The rising tide raises all boats but when the tide is going out, and there is no ambiguity that it is going out, a lot of PE firms who should not have existed in the first place will not existSanat Vallikappen Goa: With the booze, the beach and a magnificent setting on the ramparts of a 16th century Portuguese fortress, last week’s 2nd Biennial China-India PE Summit turned out to be a perfect place for stressed fund managers to loosen up after a very tough year. The meet was organized by Capvent AG, a private equity, or PE, fund of funds with $1.3 billion (Rs6,539 crore) under management. But no amount of this relaxed setting could make a difference to one man’s rather bleak outlook for the PE industry. Rahul Bhasin, managing partner of Baring Private Equity Partners (India) Pvt. Ltd, a PE fund that manages in excess of $1 billion in India, is well-known for his radical views. He was in peak form on Thursday when, one the sidelines of the conference, he talked about private equity’s woes in the context of its gigantic size, the gloomy outlook for global and domestic growth, the unpredictability of long-term outcomes, and the slow recovery in the West. Edited excerpts:
Straight talk: Baring Private Equity Partners (India) Pvt Ltd managing partner Rahul Bhasin. Harikrishna Katragadda / Mint The industry is five times too large.
We had $20 billion of investments in an $800 billion economy year before last (2007). That’s roughly 2.5% of our GDP (gross domestic product). The highest ever that the US reached was 1.4% of its GDP. Out of that 1.4%, more than 80% was taking public companies private, an opportunity that is not available in India. In China, the absolute investment numbers are similar, except that GDP is three-and-a-half times the size of ours.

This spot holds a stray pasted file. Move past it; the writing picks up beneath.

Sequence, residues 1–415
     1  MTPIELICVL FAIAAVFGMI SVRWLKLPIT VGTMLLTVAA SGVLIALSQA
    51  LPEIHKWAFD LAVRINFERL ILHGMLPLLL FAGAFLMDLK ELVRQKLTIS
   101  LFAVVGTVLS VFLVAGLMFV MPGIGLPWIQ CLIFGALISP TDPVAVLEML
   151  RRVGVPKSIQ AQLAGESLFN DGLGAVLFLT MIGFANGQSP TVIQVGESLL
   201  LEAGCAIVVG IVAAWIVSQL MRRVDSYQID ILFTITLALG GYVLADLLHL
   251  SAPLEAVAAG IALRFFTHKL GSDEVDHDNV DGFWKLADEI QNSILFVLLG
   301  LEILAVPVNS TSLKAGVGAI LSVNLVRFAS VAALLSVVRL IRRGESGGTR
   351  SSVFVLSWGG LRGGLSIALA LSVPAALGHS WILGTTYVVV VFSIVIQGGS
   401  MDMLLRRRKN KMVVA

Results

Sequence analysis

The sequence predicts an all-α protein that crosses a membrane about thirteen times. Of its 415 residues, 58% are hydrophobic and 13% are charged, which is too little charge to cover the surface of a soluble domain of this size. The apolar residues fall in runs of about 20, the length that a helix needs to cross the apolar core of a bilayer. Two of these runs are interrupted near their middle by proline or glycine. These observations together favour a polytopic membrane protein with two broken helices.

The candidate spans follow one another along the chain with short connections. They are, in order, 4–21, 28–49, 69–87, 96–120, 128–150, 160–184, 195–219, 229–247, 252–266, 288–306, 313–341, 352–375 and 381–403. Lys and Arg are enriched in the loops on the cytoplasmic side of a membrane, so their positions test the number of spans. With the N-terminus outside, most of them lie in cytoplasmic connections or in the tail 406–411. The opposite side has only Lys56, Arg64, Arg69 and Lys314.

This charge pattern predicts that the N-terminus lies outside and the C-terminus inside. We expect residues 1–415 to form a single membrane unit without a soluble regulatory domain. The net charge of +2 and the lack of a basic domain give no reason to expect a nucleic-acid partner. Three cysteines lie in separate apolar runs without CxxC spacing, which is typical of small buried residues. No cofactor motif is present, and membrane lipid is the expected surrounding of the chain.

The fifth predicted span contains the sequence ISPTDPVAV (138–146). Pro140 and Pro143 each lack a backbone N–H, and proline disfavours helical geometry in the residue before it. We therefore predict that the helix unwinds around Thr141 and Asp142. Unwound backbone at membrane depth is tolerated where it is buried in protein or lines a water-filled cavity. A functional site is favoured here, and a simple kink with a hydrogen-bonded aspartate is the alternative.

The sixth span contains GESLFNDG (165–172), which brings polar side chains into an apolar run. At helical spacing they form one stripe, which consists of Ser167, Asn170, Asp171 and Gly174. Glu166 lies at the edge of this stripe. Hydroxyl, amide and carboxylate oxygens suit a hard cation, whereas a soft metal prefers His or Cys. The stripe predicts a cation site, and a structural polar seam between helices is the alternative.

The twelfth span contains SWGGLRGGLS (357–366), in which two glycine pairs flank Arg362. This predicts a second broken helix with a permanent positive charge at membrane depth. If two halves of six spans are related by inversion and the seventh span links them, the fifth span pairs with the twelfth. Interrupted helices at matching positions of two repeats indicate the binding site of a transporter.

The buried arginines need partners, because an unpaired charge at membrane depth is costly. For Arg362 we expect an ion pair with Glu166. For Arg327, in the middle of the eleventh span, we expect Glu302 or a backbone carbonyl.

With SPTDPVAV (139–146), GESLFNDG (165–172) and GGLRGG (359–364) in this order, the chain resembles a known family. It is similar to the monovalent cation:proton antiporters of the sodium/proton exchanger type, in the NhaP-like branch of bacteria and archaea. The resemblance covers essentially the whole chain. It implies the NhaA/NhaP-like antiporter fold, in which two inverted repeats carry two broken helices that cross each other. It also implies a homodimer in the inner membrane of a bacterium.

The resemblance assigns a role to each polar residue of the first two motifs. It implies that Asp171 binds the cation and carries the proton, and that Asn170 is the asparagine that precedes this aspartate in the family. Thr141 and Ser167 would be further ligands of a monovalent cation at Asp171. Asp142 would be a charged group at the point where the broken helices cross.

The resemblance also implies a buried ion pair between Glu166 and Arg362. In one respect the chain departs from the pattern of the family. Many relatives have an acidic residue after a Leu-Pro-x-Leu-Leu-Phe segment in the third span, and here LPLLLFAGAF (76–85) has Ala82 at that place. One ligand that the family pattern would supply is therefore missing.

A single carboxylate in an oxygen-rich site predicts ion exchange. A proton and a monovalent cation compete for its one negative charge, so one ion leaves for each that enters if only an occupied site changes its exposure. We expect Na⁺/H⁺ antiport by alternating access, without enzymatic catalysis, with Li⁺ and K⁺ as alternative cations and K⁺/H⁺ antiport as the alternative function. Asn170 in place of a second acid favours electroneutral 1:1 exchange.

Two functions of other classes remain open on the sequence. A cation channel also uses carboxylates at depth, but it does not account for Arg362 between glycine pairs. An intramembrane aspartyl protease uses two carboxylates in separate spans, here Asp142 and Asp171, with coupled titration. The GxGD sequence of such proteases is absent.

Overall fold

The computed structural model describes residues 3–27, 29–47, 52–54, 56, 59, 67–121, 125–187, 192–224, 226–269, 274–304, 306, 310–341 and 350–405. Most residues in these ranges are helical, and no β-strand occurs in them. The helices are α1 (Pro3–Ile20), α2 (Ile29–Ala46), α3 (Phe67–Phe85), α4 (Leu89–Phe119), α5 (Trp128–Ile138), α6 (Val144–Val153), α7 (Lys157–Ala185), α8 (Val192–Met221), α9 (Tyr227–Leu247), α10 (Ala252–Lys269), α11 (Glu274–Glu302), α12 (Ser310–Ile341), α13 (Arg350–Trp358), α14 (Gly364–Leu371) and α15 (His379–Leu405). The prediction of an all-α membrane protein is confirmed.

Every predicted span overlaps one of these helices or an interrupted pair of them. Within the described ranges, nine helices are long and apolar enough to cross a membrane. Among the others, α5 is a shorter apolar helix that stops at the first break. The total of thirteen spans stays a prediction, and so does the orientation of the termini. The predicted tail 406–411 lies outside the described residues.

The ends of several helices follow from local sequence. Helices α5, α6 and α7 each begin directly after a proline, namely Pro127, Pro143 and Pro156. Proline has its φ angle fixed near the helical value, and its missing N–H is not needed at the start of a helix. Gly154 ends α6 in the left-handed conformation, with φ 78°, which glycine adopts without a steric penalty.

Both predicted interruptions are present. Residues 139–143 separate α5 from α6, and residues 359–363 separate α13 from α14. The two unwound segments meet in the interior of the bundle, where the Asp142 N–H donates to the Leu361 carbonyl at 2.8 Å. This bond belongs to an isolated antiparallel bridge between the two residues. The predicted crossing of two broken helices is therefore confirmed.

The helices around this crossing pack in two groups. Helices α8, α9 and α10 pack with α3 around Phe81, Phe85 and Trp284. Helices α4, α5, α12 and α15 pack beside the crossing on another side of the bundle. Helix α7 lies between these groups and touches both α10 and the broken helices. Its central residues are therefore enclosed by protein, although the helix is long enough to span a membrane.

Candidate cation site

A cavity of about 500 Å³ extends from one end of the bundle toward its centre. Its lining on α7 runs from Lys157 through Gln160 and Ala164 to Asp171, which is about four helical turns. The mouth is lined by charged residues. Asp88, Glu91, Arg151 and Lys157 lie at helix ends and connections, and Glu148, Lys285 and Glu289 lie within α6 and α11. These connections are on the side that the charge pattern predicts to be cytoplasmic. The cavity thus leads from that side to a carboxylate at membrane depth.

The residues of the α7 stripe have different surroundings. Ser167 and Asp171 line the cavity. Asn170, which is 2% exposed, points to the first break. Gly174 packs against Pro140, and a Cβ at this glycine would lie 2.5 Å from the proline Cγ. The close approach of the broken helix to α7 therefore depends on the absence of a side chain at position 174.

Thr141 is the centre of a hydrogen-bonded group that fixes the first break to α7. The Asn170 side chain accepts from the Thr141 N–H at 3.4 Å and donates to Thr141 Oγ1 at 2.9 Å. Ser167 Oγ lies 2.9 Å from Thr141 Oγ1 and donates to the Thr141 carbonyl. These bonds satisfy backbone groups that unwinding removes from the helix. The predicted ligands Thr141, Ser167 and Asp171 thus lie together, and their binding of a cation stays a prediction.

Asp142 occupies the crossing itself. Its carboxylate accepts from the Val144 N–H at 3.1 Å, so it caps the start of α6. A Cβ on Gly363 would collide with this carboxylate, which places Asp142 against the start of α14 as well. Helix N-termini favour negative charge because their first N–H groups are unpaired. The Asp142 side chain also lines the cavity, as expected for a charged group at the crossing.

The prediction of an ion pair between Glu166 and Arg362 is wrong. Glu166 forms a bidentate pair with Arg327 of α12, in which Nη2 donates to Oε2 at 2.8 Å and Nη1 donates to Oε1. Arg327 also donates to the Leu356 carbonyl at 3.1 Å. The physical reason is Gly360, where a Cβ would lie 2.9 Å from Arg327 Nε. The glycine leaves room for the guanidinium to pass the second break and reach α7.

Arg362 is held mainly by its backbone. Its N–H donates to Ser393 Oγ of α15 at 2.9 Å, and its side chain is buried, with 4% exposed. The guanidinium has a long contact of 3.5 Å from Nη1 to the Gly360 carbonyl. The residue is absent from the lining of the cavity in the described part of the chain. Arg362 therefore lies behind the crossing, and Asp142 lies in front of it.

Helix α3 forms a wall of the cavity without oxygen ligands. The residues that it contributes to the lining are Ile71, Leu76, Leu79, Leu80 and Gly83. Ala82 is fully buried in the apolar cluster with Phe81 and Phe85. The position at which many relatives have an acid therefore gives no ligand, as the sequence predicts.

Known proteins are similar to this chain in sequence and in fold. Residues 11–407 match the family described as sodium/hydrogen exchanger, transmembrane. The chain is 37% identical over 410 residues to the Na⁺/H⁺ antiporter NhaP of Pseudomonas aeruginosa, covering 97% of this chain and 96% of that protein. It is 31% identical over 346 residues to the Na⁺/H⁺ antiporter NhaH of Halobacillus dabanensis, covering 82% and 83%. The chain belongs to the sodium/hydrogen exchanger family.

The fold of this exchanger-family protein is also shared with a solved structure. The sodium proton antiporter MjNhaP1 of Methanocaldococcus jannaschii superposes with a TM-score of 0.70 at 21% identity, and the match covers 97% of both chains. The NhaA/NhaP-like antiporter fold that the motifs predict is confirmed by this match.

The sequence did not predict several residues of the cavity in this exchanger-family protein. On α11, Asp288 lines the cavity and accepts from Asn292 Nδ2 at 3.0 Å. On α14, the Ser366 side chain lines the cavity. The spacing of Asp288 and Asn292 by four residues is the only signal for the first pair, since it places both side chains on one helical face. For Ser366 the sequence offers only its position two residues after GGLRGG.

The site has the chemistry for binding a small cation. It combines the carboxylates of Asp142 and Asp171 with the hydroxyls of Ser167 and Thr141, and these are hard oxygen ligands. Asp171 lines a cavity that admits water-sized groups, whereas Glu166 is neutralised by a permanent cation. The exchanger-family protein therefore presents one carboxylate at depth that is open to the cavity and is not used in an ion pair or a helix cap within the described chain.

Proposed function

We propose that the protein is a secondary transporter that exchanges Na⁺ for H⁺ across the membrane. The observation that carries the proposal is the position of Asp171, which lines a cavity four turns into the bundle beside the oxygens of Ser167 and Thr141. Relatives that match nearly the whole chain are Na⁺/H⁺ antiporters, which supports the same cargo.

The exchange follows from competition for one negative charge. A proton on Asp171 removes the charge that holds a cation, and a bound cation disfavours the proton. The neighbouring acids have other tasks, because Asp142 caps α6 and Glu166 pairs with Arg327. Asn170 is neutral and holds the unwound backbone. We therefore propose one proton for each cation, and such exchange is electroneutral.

The second issue is the explosion of private equity firms. There are 540 funds (active in India). I got this from one of my investors who tracked the number of people who tried to raise money from him, and includes private equity, venture capital and real estate funds. I don’t think it will be a significant exaggeration. Is the market deep enough for 50? I doubt it.
The rising tide raises all boats but when the tide is going out, and there is no ambiguity that it is going out, I think a lot of private equity firms who should not have existed in the first place will not exist. May be it’s five times too large and this means that 70-80% of the funds that exist today will not exist five years from now.
Lower GDP growth pares returns.
In India, all returns are driven by growth... The challenge is that the cost of capital of the private equity industry is very high. Investors expect that you (the fund) will offer them at least a 25% dollar return. The growth (of GDP) used to be 9-9.5% in real terms,15-16% in nominal terms, 22% in currency appreciated terms (the currency was also appreciating in 2007) and, if you picked the sectors right, you could get 5-10%. Finally, if you picked the companies right, you could get another 5-10% on that, which theoretically brought you to almost 40% returns. Assuming that we made some mistakes, still it was possible to get 30% return.
Now, the GDP growth is likely to be around 5% and, in the short term, even lower. We think this year will be closer to 4% largely because manufacturing is going to have a tough time recovering, and industrial production growth will be infrastructure-related. Agriculture has had four spectacular years in a row and it’s very tough to repeat that kind of growth.